Authoritarian Elites

46 Pages Posted: 29 Aug 2018

See all articles by Adlai Newson

Adlai Newson

University of British Columbia (UBC) - Vancouver School of Economics

Francesco Trebbi

Vancouver School of Economics; National Bureau of Economic Research (NBER)

Multiple version iconThere are 3 versions of this paper

Date Written: August 20, 2018


We explore the role of ruling elites in autocratic regimes and provide an assessment of tools useful to clarify the structure of opaque political environments. We first showcase the importance of analyzing autocratic regimes as non-unitary actors by discussing extant work on nondemocracies in Sub-Saharan Africa and China, where the prevailing view of winner-take-all contests can be clearly rejected. We show how specific biographical information about powerful cadres helps shed light upon the composition of the inner circles that empower autocrats. We further provide an application of these methods to the Democratic People's Republic of Korea (DPRK), one of the most personalistic, opaque, and data-poor political regimes in the world today. Employing information from DPRK state media on participants at official state events, we are able to trace the evolution and consolidation of Supreme Leader Kim Jong Un around the transition period following the death of his father, Kim Jong Il. The internal factional divisions of the DPRK are explored during and after this transition. Final general considerations for the future study of the political economy of development are presented.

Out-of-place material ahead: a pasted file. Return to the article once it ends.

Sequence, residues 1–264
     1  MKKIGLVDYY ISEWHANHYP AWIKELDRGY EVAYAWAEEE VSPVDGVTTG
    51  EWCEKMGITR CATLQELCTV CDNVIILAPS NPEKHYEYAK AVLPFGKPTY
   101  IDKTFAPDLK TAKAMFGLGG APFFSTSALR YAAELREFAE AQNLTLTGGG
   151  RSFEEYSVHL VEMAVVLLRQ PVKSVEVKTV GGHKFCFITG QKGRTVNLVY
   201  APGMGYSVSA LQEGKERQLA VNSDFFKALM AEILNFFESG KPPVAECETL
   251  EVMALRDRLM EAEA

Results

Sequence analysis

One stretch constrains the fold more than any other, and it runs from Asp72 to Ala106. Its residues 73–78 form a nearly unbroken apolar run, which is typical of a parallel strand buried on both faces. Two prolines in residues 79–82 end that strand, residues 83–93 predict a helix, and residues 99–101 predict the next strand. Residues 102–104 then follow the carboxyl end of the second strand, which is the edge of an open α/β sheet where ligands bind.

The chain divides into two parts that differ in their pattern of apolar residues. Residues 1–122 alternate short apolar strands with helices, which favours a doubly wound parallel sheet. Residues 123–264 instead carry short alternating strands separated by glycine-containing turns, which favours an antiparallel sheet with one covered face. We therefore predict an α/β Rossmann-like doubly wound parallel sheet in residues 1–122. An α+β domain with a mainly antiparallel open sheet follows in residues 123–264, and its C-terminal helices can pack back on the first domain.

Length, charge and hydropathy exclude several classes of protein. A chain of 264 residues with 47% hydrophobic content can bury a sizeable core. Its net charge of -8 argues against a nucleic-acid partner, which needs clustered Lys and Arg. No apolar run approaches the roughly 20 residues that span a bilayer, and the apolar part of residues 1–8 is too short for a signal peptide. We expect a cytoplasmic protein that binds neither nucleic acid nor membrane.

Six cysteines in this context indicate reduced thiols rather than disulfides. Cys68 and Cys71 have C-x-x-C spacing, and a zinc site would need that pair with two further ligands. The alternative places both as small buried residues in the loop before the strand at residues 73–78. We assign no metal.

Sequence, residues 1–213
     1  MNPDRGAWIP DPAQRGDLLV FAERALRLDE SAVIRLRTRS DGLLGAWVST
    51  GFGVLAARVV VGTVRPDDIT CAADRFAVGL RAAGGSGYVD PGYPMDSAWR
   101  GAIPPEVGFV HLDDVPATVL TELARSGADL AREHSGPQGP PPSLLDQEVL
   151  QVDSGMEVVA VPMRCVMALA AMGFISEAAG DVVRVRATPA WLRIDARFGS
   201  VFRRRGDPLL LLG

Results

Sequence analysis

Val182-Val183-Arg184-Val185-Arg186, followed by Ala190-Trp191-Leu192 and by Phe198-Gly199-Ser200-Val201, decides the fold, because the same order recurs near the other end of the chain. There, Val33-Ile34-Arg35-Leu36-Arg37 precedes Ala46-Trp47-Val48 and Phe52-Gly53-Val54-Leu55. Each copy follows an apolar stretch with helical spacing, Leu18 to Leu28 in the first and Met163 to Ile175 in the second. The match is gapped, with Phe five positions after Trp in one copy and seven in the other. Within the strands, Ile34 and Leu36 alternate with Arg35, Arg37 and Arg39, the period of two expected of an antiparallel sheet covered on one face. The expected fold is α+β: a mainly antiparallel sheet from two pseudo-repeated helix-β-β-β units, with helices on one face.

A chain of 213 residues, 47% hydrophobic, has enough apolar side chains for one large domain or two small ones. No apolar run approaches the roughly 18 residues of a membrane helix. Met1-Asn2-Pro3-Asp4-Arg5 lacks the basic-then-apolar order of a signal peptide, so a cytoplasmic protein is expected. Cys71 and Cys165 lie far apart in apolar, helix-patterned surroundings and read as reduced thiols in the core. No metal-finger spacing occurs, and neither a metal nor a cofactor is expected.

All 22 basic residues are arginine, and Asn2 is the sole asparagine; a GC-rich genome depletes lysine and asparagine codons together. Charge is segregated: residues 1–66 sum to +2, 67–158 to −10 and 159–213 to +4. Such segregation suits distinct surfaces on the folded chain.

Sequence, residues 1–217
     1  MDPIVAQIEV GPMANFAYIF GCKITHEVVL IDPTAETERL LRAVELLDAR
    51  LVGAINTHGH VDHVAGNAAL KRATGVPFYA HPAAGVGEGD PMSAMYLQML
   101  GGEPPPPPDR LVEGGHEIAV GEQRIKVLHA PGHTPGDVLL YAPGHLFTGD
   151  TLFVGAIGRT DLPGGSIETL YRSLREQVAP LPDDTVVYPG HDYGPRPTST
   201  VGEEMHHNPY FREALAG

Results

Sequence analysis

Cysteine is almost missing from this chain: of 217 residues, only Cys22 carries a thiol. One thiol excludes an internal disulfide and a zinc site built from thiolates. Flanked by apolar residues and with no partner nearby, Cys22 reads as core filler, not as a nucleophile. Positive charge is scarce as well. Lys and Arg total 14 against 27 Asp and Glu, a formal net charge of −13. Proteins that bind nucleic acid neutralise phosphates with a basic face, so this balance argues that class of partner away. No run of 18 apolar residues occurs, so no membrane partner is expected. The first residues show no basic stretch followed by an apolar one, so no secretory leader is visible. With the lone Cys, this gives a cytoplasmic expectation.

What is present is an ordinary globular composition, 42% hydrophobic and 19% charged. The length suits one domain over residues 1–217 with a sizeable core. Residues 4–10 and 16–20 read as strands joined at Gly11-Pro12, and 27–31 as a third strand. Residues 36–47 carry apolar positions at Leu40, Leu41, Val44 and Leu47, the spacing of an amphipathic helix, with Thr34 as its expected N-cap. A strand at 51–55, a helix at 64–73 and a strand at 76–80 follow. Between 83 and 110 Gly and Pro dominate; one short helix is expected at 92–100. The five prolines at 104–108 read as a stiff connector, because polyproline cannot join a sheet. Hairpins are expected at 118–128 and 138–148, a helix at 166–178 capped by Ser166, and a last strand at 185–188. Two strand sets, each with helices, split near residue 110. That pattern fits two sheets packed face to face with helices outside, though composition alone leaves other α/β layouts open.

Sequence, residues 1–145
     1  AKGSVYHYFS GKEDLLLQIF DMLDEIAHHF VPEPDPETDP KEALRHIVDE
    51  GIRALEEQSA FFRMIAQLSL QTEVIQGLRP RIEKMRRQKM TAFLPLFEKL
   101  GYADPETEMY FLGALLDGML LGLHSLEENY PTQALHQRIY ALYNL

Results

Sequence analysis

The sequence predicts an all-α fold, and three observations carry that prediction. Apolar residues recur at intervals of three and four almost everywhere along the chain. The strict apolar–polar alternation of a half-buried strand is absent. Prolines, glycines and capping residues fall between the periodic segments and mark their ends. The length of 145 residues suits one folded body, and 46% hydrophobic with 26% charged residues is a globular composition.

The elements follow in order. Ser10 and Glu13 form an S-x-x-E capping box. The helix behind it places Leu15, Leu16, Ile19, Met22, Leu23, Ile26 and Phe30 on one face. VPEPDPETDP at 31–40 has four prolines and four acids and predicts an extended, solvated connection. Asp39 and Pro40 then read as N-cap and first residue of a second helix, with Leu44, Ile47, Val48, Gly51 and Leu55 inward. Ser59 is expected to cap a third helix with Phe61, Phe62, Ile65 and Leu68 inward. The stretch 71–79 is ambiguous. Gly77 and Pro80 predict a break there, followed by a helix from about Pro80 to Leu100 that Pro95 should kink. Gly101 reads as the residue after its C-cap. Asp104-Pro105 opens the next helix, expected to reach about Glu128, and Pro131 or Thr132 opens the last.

Keywords: Political Economy, Development, Autocracy, Elites, Power Sharing, North Korea, DPRK, China, PRC, Sub-Saharan Africa

JEL Classification: P16, P3, P5

Suggested Citation

Newson, Adlai and Trebbi, Francesco, Authoritarian Elites (August 20, 2018). Available at SSRN: or

Adlai Newson (Contact Author)

University of British Columbia (UBC) - Vancouver School of Economics ( email )

997-1873 East Mall
Vancouver, British Columbia V6T 1Z1


Francesco Trebbi

Vancouver School of Economics ( email )

University of British Columbia
6000 Iona Dr.
Vancouver Canada, BC V6T 1L4


National Bureau of Economic Research (NBER) ( email )

1050 Massachusetts Avenue
Cambridge, MA 02138
United States

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